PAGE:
WARM OCCLUSIONS, COLD OCCLUSIONS, AND FORWARD-TILTING COLD FRONTS

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The classical definitions of warm and cold occlusions are updated in light of recent observations and numerical modeling of occluded fronts within midlatitude cyclones. Mesoscale model simulations of occluded fronts show that they are first-order discontinuities in potential temperature, with broad zones of fairly uniform horizontal potential temperature gradient and static stability on either side of the frontal surface. Under this assumption, an analysis of the relationship between the slope of an occluded front and the potential temperature distribution on either side of it yields a “static stability rule,” namely, that an occluded front slopes over the statically more stable air, not the colder air.

The static stability rule leads to modifications of the classical definitions of warm and cold occlusions, in which the term “colder air” is replaced by “statically more stable air.” Examples are given of occluded fronts in which this distinction is important, and the static stability rule is used to examine possible reasons why warm occlusions are the predominant type of occlusion in midlatitude cyclones. The static stability rule also leads to a better understanding of forward-tilting cold fronts, including cold fronts aloft in the central United States.

The static stability rule, and its implications for occluded and other frontal structures, suggests that greater emphasis be placed on the effects of horizontally nonuniform static stability in theoretical and modeling studies of frontogenesis, frontal interactions, and the occlusion process—an emphasis that has been largely absent from such studies in the past.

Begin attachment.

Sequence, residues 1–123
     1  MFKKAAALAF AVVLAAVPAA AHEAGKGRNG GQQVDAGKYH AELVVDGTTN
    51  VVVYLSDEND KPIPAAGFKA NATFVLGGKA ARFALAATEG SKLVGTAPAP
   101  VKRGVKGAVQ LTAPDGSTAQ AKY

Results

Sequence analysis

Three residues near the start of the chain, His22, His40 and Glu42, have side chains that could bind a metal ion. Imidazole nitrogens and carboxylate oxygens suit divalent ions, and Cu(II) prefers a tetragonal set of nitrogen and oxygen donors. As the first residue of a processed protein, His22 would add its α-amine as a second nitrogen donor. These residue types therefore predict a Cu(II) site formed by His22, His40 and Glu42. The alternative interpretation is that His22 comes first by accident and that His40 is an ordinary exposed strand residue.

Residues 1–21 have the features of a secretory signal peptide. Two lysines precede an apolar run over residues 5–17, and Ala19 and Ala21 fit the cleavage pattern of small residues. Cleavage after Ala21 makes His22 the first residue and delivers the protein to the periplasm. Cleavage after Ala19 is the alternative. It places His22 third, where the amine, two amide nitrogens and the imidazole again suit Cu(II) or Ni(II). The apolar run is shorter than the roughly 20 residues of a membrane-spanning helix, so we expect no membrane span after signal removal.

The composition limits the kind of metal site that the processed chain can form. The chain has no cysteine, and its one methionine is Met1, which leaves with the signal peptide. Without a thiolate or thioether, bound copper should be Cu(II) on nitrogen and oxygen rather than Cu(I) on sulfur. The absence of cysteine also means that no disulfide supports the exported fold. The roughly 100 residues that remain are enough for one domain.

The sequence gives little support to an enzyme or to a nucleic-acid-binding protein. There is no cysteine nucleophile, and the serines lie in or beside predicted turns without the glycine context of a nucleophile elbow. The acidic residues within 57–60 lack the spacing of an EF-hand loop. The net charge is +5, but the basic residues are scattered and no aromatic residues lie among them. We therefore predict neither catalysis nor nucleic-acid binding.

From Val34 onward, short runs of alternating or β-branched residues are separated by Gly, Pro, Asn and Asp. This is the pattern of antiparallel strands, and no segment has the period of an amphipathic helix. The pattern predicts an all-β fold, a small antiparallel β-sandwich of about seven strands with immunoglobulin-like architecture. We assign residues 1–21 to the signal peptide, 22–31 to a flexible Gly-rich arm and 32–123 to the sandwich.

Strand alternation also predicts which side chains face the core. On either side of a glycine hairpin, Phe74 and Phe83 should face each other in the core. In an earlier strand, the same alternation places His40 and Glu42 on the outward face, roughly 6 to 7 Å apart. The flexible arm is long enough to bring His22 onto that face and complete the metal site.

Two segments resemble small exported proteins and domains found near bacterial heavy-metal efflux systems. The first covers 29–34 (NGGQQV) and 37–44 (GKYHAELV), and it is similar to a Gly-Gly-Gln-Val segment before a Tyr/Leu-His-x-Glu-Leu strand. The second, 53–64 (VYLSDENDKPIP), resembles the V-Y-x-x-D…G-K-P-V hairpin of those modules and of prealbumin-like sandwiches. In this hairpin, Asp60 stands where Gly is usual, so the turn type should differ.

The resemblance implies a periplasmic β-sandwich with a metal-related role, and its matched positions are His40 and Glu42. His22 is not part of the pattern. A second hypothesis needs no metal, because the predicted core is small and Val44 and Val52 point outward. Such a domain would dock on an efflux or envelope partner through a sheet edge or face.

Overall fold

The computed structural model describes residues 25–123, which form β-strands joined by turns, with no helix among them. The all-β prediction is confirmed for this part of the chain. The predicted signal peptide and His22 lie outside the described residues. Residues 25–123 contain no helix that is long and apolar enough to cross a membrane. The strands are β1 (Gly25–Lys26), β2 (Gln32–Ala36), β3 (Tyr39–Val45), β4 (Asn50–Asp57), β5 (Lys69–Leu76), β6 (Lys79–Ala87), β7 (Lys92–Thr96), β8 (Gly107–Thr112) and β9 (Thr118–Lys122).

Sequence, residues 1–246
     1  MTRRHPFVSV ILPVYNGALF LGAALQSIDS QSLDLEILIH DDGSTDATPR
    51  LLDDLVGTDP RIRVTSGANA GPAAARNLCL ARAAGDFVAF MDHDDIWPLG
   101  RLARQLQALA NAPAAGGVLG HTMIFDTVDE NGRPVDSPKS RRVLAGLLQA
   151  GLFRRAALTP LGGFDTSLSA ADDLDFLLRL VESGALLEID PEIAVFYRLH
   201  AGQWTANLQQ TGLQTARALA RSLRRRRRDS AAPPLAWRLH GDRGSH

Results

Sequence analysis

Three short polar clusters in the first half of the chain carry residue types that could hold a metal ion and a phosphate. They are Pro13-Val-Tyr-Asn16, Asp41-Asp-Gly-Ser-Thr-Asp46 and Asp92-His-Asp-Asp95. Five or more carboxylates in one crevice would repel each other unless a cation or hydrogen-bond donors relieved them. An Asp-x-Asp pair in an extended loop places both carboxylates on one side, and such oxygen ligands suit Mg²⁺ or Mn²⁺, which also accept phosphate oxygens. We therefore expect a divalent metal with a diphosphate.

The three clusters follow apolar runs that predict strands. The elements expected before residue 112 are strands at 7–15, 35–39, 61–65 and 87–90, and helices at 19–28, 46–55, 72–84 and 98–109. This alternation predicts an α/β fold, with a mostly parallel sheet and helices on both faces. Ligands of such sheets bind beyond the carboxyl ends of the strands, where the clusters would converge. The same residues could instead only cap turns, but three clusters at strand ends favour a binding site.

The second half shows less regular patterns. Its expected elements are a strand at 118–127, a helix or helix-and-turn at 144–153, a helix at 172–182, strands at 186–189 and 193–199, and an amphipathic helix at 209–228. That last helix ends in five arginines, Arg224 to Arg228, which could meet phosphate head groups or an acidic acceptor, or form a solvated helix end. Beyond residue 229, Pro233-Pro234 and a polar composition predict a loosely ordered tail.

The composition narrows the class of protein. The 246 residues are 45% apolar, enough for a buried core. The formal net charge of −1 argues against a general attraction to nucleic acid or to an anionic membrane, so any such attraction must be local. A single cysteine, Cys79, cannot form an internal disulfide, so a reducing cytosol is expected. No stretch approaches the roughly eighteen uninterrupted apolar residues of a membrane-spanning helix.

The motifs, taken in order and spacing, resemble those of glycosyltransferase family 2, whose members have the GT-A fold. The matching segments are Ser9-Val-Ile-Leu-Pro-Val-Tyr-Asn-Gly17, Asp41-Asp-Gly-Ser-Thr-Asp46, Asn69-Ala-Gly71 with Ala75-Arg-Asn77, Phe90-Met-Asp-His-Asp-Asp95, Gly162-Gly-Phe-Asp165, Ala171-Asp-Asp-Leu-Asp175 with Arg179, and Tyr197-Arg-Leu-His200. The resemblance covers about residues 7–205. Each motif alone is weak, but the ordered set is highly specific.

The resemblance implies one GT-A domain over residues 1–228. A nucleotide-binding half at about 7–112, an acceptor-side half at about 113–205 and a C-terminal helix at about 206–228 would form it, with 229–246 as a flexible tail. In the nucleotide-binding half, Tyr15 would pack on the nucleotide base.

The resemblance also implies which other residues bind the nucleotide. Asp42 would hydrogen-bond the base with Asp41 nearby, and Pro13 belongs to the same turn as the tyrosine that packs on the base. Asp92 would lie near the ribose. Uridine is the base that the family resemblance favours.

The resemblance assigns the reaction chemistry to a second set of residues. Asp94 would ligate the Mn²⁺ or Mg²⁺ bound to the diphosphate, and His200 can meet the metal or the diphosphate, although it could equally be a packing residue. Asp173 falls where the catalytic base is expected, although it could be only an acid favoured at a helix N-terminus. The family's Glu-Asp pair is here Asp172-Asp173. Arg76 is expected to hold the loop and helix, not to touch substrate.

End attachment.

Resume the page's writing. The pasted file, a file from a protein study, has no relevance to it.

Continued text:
Department of Atmospheric Sciences, University of Washington, Seattle, Washington

CORRESPONDING AUTHOR: Peter V. Hobbs, Department of Atmospheric Sciences, University of Washington, Box 351640, Seattle, W A 98195-1640, E-mail: phobbs@atmos.washington.edu

The classical definitions of warm and cold occlusions are updated in light of recent observations and numerical modeling of occluded fronts within midlatitude cyclones. Mesoscale model simulations of occluded fronts show that they are first-order discontinuities in potential temperature, with broad zones of fairly uniform horizontal potential temperature gradient and static stability on either side of the frontal surface. Under this assumption, an analysis of the relationship between the slope of an occluded front and the potential temperature distribution on either side of it yields a “static stability rule,” namely, that an occluded front slopes over the statically more stable air, not the colder air.

The static stability rule leads to modifications of the classical definitions of warm and cold occlusions, in which the term “colder air” is replaced by “statically more stable air.” Examples are given of occluded fronts in which this distinction is important, and the static stability rule is used to examine possible reasons why warm occlusions are the predominant type of occlusion in midlatitude cyclones. The static stability rule also leads to a better understanding of forward-tilting cold fronts, including cold fronts aloft in the central United States.

The static stability rule, and its implications for occluded and other frontal structures, suggests that greater emphasis be placed on the effects of horizontally nonuniform static stability in theoretical and modeling studies of frontogenesis, frontal interactions, and the occlusion process—an emphasis that has been largely absent from such studies in the past.

Department of Atmospheric Sciences, University of Washington, Seattle, Washington

CORRESPONDING AUTHOR: Peter V. Hobbs, Department of Atmospheric Sciences, University of Washington, Box 351640, Seattle, W A 98195-1640, E-mail: phobbs@atmos.washington.edu
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